Bright new annuals offer splash for summer
By Valerie Easton for the Seattle Times
Saturday, May 1, 2010
ANNUALS ARE the top-dressing of the garden, valuable far beyond their duration because their lively diversity spices up the garden during the months we’re outside most. Annuals are just for fun; no need to be as realistic or discriminating as with more permanent plantings. Just think of annuals as the cage shoes of the plant world â€” in one year and out the next.
What would summer be without a new petunia or two? My vote for the hottest newcomer is the bicolor ‘Pretty Much Picasso.’ This is a useful petunia; its tidy shape and short stature work well as ground cover, edging or container elements. Its brilliant color contrast is the real story, though. ‘Pretty Much Picasso” has black-centered flowers with neon-violet petals edged in vivid chartreuse. You’ll either adore this color combo or it’ll make your teeth hurt. A “self-cleaning” petunia, the flowers fall off as they die rather than hang on the plant like crumpled Kleenexes. Which means the plant looks good most of the time, and you don’t need to be out there all summer pinching it back.
Lantana is one of those unexciting filler annuals, a background plant used to fluff out pots and baskets. Or it was before the new variegated version L. camara ‘Samantha’ came on the scene. The hot-yellow leaf trim and flower makes you wonder if this temptress was named after the blonde Samantha on “Sex and the City.” Both are unlikely to be overlooked. No wonder butterflies are attracted to the vivid flowers, which bloom nonstop until frost.
It seems a cruel fate to grow a gorgeous creature like the annual purple fountain grass Pennisetum setaceum ‘Rubrum’ and have it die over the winter. This spring, plant breeders have come up with an even more desirable, variegated version that is still a tender annual. How about doing us a favor and increasing hardiness rather than beauty here? P. setaceum ‘Fireworks’ is an explosion of silky, arched blades striped in red, hot pink, deep burgundy, green and white. In late summer, the grass is topped off with fuzzy, mauve-colored flowers. The flashy ‘Fireworks’ is more compact and slower-growing than ‘Rubrum,’ so can be used to edge beds or center a container. But like its parent, you have to overwinter this tender beauty indoors, or plant again next year.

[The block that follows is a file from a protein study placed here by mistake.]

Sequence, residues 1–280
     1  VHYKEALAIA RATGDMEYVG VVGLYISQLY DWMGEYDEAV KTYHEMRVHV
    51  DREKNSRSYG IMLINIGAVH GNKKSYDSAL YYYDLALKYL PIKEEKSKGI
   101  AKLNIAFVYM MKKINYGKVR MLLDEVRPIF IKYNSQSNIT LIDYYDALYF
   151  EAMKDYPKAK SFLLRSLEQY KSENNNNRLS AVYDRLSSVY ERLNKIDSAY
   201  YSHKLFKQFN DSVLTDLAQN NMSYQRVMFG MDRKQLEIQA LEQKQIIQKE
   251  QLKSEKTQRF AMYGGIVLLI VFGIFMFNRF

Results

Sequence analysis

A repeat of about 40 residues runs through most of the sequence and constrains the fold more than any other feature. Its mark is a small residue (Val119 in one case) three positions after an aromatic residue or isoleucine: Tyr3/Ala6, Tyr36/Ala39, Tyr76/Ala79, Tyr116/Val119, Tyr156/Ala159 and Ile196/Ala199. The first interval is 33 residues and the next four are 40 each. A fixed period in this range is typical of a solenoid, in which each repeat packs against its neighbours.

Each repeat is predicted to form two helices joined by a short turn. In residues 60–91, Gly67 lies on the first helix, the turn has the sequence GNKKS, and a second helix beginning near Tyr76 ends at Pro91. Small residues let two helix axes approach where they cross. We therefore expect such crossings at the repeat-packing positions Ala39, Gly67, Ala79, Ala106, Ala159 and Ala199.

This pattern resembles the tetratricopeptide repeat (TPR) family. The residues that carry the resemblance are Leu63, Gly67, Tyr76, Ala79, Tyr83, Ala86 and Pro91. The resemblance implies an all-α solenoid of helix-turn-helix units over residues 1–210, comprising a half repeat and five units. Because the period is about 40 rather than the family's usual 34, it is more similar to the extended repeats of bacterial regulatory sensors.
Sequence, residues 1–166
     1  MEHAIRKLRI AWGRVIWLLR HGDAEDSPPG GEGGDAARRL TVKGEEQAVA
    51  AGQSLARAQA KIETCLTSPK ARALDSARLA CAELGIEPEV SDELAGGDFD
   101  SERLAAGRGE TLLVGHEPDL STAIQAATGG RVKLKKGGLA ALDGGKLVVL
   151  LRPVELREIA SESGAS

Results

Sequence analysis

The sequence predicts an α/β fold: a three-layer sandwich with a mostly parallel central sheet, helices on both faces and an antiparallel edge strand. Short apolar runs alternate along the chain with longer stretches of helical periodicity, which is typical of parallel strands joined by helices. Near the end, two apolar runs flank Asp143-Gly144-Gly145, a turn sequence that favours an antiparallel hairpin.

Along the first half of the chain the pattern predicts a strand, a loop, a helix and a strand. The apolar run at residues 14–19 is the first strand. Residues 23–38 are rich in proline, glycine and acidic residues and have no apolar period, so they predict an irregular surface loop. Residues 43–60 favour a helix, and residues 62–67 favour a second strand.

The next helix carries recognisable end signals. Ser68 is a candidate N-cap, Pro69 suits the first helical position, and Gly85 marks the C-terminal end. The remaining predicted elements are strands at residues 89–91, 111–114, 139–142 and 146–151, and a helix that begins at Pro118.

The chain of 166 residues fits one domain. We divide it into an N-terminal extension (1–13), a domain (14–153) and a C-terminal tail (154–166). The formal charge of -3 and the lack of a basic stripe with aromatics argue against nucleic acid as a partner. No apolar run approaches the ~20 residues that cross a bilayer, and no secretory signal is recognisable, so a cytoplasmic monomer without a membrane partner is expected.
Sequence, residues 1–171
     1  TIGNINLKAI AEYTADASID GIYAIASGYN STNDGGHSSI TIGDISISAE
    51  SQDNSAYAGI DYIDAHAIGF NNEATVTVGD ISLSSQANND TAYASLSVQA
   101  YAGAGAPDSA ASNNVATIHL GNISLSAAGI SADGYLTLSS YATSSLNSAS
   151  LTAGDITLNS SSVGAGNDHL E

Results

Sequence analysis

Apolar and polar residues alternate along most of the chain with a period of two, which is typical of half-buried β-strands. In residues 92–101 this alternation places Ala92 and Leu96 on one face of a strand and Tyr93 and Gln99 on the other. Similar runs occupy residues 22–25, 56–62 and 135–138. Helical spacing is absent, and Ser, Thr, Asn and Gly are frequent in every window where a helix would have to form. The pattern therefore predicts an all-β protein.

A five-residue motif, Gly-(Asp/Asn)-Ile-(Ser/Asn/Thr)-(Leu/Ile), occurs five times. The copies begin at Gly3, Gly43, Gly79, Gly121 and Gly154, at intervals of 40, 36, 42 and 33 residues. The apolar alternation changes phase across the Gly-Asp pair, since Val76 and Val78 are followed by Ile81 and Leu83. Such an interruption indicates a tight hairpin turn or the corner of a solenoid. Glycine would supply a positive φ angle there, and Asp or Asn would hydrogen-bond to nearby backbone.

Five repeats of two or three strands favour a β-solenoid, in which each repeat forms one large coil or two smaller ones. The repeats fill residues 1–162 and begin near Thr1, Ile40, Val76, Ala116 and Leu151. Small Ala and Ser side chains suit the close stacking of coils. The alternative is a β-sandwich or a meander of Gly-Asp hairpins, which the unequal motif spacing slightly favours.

Zinnia ‘Zahara Starlight Rose’ is one of those disease-resistant, long-blooming annuals whose sweet looks belie its toughness. Which is probably why it won an AAS medal for 2010, the garden equivalent of bringing home the gold. This sturdy little flower grows just a foot or two tall with a double layer of white petals centered in gold and splashed in rosy pink.
And if we start the list with a petunia, surely we must conclude with coleus, the other category of iconic warm-weather annuals. How about ‘Redhead’ the truest red coleus ever? It’s a vigorous variety that grows 2 feet high and thrives in sun or shade. If it’s variegation you go for in coleus, check out the new ‘Chocolate Splash,’ a smaller, shade-loving variety with fat, chartreuse leaves marked in darkest brown.
Valerie Easton is a Seattle freelance writer and author of “The New Low-Maintenance Garden.” Check out her blog at www.valeaston.com.